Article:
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Tongue twister

Your tongue is a sponge for bad bacteria
Check my tongue. Isn't it clean?
Check my tongue. Isn't it clean?

Prasun Chaudhuri   |   Published 25.09.18, 04:54 PM

Simple. Quick. And it gets rid of a lot of germs. Scraping the tongue is an ancient practice of mechanically removing the gunk which harbours microbes, including those that damage your teeth, gums and other parts of the mouth. These microbes can cause severe infections, especially in those who have a weak constitution or an impaired immune system.

The upper surface of the tongue, or dorsum, is covered by taste buds housed in numerous protuberances called lingual pappilae.


While most of us brush our teeth at bedtime and in the morning, few are as enthusiastic about cleaning the tongue. “The tongue harbours hundreds of species of microorganisms, some of which are capable of starting periodontopathic diseases [in the supporting structures of the teeth and surrounding tissue],” says Ashok Surana, a senior orthodontist.

One can compare the tongue to a bacteria sponge, spreading bad bacteria, or periodontal pathogens, throughout the mouth. The surface of the tongue can be a reservoir for all the bad bacteria we keep away from the teeth by brushing. These bacteria go back to attacking the teeth after a longish period has passed after brushing. People with periodontal disease (problems in the gum) are more likely to have a thicker coat on their tongue as well as microbial flora that produces more volatile sulphur compounds compared to those who have healthy gums.

The tongue normally looks pink but may acquire a white or coloured coating due to diet, reduced salivary flow, reduced oral hygiene or tongue anatomy. Says Surana, “Tongue cleaning or scraping reduces this coating and the amount of bacteria in it.” He recommends tongue cleaning as part of overall oral hygiene, alongside proper brushing. However, he suggests that the tongue be cleaned with a toothbrush or a tongue cleaner made of plastic or similar material. “A metal cleaner is too harsh as it tends to damage the taste buds and papillae [protuberances] on the tongue,” he says.

While tongue cleaning has existed in Eastern culture for ages, Western civilisations placed less emphasis on it. Between the 15th and 19th century, tongue cleaning was practised only by the affluent. It was only in the 20th century that a wide variety of sophisticated tongue cleaning devices came on the market.

The surface of the tongue can be cleaned with a tongue cleaner, tongue brush or scraper or toothbrush. Says maxillofacial surgeon Dr Shibalik Mukherjee, “Toothbrushes are not effective for this purpose because they have a smaller width and are designed for brushing teeth, which have a solid structure unlike the spongy tissue of the tongue. This can reduce its ability to remove debris and microorganisms. Some toothbrush designs, however, have projections on the back of their heads to act as a tongue cleaner. You can also use an electric tongue cleaner.”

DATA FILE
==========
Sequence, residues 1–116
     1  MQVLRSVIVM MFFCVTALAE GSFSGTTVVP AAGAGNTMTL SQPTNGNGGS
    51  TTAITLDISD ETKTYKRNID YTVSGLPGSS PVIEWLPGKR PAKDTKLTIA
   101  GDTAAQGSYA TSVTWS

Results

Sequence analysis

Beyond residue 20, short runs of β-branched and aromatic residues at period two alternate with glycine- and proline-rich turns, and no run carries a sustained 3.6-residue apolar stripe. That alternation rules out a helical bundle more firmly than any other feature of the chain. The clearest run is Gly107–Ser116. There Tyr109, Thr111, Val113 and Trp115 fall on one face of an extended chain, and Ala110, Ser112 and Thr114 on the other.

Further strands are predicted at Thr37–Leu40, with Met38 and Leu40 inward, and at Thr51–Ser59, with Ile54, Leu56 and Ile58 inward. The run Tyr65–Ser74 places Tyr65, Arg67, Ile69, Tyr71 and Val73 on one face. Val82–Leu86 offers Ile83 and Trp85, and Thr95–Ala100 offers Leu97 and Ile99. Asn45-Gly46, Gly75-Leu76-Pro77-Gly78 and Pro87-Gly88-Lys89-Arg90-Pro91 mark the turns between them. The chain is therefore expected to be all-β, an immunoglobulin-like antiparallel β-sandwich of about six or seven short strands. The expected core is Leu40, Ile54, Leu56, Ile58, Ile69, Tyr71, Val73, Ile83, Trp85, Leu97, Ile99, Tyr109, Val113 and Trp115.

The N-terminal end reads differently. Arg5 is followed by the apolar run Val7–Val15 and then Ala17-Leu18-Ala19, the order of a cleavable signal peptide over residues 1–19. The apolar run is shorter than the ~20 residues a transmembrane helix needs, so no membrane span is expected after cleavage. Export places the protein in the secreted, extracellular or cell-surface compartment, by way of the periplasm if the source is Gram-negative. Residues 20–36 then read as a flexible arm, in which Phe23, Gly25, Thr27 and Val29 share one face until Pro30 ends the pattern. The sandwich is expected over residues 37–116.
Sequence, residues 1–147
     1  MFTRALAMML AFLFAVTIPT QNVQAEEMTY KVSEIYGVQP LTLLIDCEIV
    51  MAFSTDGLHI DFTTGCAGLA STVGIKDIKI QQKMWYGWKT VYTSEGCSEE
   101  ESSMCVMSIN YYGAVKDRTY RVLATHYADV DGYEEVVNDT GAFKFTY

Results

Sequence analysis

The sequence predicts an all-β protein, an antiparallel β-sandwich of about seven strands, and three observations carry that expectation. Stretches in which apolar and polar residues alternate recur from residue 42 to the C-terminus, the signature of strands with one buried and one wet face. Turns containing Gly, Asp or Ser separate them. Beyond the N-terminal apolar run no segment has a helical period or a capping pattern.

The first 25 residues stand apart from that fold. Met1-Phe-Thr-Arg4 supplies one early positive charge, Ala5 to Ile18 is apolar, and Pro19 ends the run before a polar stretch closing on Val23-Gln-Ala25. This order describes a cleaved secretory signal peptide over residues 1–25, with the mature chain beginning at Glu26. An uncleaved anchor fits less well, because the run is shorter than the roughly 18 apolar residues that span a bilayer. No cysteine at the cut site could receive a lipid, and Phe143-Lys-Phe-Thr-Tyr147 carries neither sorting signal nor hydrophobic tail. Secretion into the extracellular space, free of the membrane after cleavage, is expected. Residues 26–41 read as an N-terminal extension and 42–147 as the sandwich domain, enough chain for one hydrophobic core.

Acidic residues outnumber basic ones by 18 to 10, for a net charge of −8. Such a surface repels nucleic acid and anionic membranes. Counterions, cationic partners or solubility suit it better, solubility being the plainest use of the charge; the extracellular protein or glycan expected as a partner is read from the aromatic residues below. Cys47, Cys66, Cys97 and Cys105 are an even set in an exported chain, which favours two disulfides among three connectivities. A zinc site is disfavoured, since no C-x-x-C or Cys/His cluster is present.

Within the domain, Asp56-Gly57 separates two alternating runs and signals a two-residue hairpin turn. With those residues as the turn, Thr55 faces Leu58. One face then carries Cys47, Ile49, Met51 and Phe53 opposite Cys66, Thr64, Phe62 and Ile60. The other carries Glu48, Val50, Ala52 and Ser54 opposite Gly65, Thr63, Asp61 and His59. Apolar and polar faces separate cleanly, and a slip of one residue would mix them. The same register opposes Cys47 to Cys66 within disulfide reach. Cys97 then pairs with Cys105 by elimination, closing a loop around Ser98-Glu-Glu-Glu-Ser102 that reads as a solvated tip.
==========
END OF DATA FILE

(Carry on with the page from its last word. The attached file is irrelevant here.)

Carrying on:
Ergonomic tongue cleaners are shaped according to the anatomy of the tongue, are optimised to lift and trap the plaque coating, and effectively clean the surface of the tongue. There are many different types of tongue cleaners. They can be plastic or metal straps, plastic or small brush bristles that form “rakes” or circular devices with handles. Their effectiveness varies, depending on shape, dimensions, configuration, quality of the contact surfaces and materials used. Tongue cleaners are mostly inexpensive, small, easy to clean and durable. Tongue cleaning gels can also be used in conjunction with tongue cleaners. Its antibacterial agents may enhance the cleaning effects.

Despite the many benefits of tongue cleaning, it is not always beneficial. If you have a persistent burning sensation, pain, discomfort or loss of sensation in your tongue, for instance, you must avoid cleaning it. Says Prof. R.R. Paul, a senior oral oncopathologist, “The tongue may manifest the signs or reflect many local and systemic diseases. For instance, a persistent burning sensation, pain, discomfort or loss of sensation, bald appearance due to loss of papilla from the surface of tongue, white, red, pigmented or ulcerated lesions may be indicative of a wide spectrum of disease processes, ranging from anaemia, syphilitic lesions, pre-cancerous lesions like leukoplakia, to even squamous cell carcinoma. Incidentally, the tongue is one of the commonest sites for oral cancer. Patients who have sharp or broken teeth can also have ulceration to the lateral or dorsum of the tongue. This, however, can stay hidden, and therefore untreated, for long.”

“One must also refrain from cleaning the tongue, especially with a metal tongue cleaner, when the tongue turns smooth as papillae is lost because of anaemia,” warns Dr Paul. “Also in the case of oral submucous fibrosis, a precancerous condition, one must not go for tongue cleaning.”

However, if one doesn’t have any of these conditions, cleaning the tongue with a plastic tongue cleaner or small brush bristles that form rakes is useful. Says Dr Paul, “It’s important to maintain overall oral hygiene. Brush properly two times daily with a standard toothpaste, rinse mouth well after meals and see a dentist once in six months for a check-up.”

Clean teeth and tongue scrupulously to have fresh breath and keep tooth decay at bay.

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